clouds country countryside dirt road

Hiking on a Hot Planet

On my way to Santiago de Compostela

On the Camino (all photos: Alexander Verbeek)

The Second Major Heatwave on my Journey

When I started my 107-days trip in late May, you, the readers of this newsletter, agreed with my proposal to not write about climate change for this period. Instead, I would focus on positive stories and share my travel experiences and photos this summer.

But unfortunately, we no longer live in the decades where the impact of climate change could only be noticed by scientists. No longer can we just forget about the destruction of the stable conditions on this planet. The climate crisis is now experienced by all of us. I can’t hide from its impacts, even when I don’t feel like thinking about it.

My first day on the Camino: June 17, 2022, in the French Pyrenees

In mid-June, I started the most classic of the many pilgrimage routes to Santiago de Compostela. The crossing of the Pyrenees mountains is the first and also most challenging stage of the Camino Frances, the French way to Santiago. I remember my exhaustion when I arrived in a hostel and learned that I would sleep on the first floor. Having just crossed the Pyrenees during a heatwave and walked during more than 40 degrees Celsius, carrying my backpack upstairs seemed like an impossible challenge.

Now, a month later, I’m about to make the second most challenging climb of the Camino Frances, and by some strange coincidence Spain experiences another intense heatwave. The temperatures in this region are predicted to rise to 42 degrees Celsius and night-time temperatures remain uncomfortably high. Living in the age of climate change means learning to live with, and adapt to its impacts and being on a pilgrimage provides no escape.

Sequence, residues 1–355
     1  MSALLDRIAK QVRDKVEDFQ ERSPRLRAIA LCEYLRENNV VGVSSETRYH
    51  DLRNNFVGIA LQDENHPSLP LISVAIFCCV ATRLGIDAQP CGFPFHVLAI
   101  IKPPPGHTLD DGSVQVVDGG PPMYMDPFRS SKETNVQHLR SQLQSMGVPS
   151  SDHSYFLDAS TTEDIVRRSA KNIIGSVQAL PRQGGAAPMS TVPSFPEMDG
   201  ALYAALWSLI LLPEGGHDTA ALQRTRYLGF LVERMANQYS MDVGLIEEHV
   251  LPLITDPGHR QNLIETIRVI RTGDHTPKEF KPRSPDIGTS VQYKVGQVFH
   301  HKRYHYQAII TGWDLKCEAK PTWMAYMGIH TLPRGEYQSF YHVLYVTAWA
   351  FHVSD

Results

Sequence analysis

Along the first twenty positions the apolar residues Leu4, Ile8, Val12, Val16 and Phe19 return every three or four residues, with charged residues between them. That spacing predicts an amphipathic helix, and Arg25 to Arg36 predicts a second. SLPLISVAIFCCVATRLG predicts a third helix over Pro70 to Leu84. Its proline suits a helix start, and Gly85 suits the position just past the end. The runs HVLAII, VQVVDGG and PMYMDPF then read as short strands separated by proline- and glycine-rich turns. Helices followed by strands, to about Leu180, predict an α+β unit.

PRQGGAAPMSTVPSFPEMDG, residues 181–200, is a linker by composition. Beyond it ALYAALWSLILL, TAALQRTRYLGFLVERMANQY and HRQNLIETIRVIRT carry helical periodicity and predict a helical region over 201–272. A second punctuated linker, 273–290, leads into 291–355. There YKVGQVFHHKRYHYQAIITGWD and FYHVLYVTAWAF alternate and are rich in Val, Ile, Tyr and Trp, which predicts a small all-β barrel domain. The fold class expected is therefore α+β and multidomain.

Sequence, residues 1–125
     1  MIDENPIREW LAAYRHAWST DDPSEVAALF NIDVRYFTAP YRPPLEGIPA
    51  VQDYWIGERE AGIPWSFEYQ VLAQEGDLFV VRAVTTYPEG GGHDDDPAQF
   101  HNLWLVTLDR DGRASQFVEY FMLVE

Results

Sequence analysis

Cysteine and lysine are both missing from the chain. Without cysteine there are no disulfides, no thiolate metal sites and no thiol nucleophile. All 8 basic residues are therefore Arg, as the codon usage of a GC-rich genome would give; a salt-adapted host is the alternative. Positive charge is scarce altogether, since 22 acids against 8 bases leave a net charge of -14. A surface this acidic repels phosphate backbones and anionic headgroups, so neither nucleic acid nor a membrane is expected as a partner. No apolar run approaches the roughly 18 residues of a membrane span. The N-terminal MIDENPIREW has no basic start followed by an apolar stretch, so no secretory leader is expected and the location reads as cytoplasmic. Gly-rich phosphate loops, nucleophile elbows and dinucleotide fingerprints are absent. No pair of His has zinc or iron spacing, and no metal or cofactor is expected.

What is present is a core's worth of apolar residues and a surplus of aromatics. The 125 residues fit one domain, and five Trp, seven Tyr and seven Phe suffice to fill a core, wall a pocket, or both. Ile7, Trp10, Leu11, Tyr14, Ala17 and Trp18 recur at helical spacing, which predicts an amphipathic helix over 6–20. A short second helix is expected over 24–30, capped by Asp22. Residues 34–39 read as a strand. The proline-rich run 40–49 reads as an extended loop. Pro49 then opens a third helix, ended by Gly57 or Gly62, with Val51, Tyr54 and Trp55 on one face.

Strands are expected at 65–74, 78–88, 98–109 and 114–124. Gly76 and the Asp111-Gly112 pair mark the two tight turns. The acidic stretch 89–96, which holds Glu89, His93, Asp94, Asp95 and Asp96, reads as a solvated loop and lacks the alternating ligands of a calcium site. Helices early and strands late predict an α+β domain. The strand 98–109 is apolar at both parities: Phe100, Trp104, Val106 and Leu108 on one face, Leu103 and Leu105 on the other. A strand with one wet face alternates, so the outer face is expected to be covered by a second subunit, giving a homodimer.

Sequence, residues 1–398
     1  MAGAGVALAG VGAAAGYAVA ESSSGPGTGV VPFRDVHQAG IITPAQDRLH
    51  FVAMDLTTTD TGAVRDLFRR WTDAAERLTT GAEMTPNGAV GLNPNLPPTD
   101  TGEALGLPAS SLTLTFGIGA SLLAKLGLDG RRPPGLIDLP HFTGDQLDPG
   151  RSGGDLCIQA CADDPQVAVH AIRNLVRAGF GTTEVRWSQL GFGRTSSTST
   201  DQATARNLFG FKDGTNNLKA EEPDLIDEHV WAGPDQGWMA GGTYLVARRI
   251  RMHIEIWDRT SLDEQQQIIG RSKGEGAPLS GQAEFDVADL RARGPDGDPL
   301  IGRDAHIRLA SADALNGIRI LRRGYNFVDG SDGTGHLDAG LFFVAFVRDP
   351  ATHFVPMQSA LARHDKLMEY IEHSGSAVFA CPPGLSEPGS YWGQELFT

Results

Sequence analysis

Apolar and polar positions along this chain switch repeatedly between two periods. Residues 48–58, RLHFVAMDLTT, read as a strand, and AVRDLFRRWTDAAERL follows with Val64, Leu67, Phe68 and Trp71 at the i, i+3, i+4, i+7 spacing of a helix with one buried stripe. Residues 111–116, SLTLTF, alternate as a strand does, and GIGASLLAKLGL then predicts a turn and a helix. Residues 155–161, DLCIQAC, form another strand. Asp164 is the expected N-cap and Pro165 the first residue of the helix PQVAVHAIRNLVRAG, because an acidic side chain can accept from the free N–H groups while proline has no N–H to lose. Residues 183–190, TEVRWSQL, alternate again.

For a modern-day pilgrim on the 1000-year old pilgrimage, adapting to the new normal of more frequent heatwaves means getting up very early in the morning and start walking when it is still dark and not too hot. Today, I also did send my backpack ahead, and walked with only a small day-pack, mainly filled with water and sun cream. I also stopped earlier, after 20 kilometers, just before a challenging climb that I did not want to make after sunrise.

Población de Campos

I noticed that the other pilgrims are also talking about the changing climate, and about the urgency of changing our lifestyle. That is at least one positive effect of the more visible impacts of climate change; at least we are now all aware, and that is a first step towards tackling this challenge.

And with that, I did find a positive story of my travel experiences that I promised to share.


Editor’s Note: To subscribe and Follow Alex Verbeek on his Newsletter:

Or you may want to support Him by buying him an orange juice:

If you want to buy me an orange juice 🍊

Scroll to Top